Declining Christian Faith in the West 'Absolutely' Hurting Nigerian Church, Bishop Says

(Photo: Reuters/Akintunde Akinleye)Christians take part in a re-enactment of the crucifixion of Jesus Christ on Good Friday along a road near St. Leo's Catholic church in Lagos, Nigeria, March 25, 2016.

A Nigerian bishop warned that the widely reported decline of Christianity throughout the Western world is "absolutely" having a negative affect on the Catholic Church in his country.

Bishop Matthew Kukah of Sokoto accused American and European politicians of "pandering" to Islam, and pointed out that Arab nations are pouring money into Nigeria, which is roughly divided between its Muslim and Christian populations.

Kukah told Catholic News Service that evangelical Christianity is on the rise in Nigeria, but the growing secularization of the West comes at the expense of the Catholic Church.

"From my own experience, I find that the British high commissioner, the ambassadors from European countries, the American ambassador — they are pandering more to Islam than to Christianity, because most of them have turned their backs on Christianity," Kukah said.

"The Arab world is pouring money into Nigeria and the Pentecostal pastors in America are doing the same, and the Catholic Church is now becoming the weakest in terms of access to resources," he pointed out.

The bishop observed that Catholic influence on society in Nigeria is diminishing, and said that historically Catholic nations like Ireland and Spain are no longer interested in helping the church.

"In Ramadan, the ambassadors of Islamic countries are very keen to come to the Muslim celebrations in a way and manner that the Irish or any of these ambassadors are not likely to do for [Christmas] midnight Mass or the Easter celebrations," he pointed out.

Kukah said that ambassadors from Catholic nations would even prefer to go to a Muslim celebration than attend a Christian ceremony.

He pointed to John Kerry, former Secretary of State for the U.S. who identifies as Catholic, as a "perfect example" of this.

"He (Kerry) landed in Abuja. The American Embassy is in Abuja. There is a cardinal in Abuja, and a very visible cardinal for that matter, but it doesn't cross the mind of John Kerry to even see out of courtesy the cardinal. He takes another plane to Sokoto and goes to the palace of the sultan, the head of the Muslims," Kukah noted.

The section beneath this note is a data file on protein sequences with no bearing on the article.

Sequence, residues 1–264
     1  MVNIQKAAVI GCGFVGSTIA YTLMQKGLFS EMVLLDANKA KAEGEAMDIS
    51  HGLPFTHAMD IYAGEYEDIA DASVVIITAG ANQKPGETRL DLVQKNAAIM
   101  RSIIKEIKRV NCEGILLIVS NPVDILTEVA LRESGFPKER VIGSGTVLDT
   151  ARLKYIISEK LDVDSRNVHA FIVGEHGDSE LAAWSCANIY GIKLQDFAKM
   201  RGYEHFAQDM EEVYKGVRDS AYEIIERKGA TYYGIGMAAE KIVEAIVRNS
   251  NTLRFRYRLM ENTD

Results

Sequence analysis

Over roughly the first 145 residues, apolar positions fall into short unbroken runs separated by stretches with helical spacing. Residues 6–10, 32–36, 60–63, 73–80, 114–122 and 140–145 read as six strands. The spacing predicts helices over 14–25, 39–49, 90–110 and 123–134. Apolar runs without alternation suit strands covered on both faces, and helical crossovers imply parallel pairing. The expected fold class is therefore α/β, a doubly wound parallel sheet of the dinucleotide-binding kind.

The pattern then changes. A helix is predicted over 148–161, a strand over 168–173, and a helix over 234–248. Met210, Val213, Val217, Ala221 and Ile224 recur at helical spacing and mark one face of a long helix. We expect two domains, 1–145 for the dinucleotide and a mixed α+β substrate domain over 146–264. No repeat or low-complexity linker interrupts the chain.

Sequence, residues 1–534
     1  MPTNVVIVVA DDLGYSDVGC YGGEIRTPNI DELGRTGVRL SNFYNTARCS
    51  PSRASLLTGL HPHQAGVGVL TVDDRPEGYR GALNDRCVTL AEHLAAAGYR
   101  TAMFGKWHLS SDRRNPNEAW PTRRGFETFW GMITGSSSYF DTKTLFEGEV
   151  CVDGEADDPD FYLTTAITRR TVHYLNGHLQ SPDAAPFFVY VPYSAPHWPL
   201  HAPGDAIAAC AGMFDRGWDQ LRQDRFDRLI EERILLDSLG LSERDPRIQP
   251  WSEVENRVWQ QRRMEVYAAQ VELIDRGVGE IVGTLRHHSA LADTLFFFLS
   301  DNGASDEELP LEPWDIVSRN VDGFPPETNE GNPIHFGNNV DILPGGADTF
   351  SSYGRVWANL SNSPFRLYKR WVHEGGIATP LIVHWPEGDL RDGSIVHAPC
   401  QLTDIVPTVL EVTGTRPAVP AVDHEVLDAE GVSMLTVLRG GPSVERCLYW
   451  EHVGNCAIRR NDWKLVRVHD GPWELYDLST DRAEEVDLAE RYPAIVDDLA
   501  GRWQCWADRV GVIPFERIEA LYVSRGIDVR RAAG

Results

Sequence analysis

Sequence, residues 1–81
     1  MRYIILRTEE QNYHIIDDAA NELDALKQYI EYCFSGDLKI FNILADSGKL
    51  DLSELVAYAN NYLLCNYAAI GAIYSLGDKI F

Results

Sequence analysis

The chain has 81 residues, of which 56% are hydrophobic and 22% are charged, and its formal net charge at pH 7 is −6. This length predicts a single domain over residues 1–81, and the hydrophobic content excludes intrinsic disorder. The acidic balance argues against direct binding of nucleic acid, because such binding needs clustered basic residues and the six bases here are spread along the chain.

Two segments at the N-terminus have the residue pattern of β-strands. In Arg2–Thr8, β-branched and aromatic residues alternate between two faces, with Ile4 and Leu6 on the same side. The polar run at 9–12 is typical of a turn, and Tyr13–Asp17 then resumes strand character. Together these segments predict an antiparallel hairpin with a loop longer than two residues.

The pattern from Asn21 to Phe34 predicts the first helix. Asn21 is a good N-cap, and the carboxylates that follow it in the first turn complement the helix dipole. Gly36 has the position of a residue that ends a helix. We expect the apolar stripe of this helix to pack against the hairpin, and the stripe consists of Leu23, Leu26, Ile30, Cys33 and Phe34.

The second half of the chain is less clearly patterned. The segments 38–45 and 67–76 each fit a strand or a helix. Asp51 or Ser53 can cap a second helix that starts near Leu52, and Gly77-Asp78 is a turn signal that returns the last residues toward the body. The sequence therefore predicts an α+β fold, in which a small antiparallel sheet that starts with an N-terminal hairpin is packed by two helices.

"The reaction of the Nigerian Christian community was very interesting. They thought Kerry was pushing the Islamic agenda," he added. "This was ahead of the elections, and they thought he was giving the Muslim candidate a leg up."

Several national surveys have documented the loss of religious faith in numerous Western countries, including the U.S. and the U.K.

A survey commissioned by the Church of England in September, for instance, found that only six percent of British adults are practicing Christians, defined as those who read the Bible, pray, and attend church on a regular basis.

A Pew Research Center study from 2015, meanwhile, found that Christians are declining sharply in America in terms of population share, finding that both mainline Protestants and Catholics are experiencing big drops.

Pew noted that overall Christians shrank from 78.4 to 70 percent between 2007 to 2014, while those without a religious affiliation increased from 16.1 percent in 2007 to 22.8 percent in 2014.

Nigeria's Christians are some of the most targeted believers in the world, and have been the victims of terror attacks by Islamic radical groups such as Boko Haram and Fulani herdsmen.

The first wave of the mass trials of over 6,600 Boko Haram suspects finally began earlier this week, in the wake of Christians urging the government to deliver justice for the faithful, including children, who have been killed by the terrorists.

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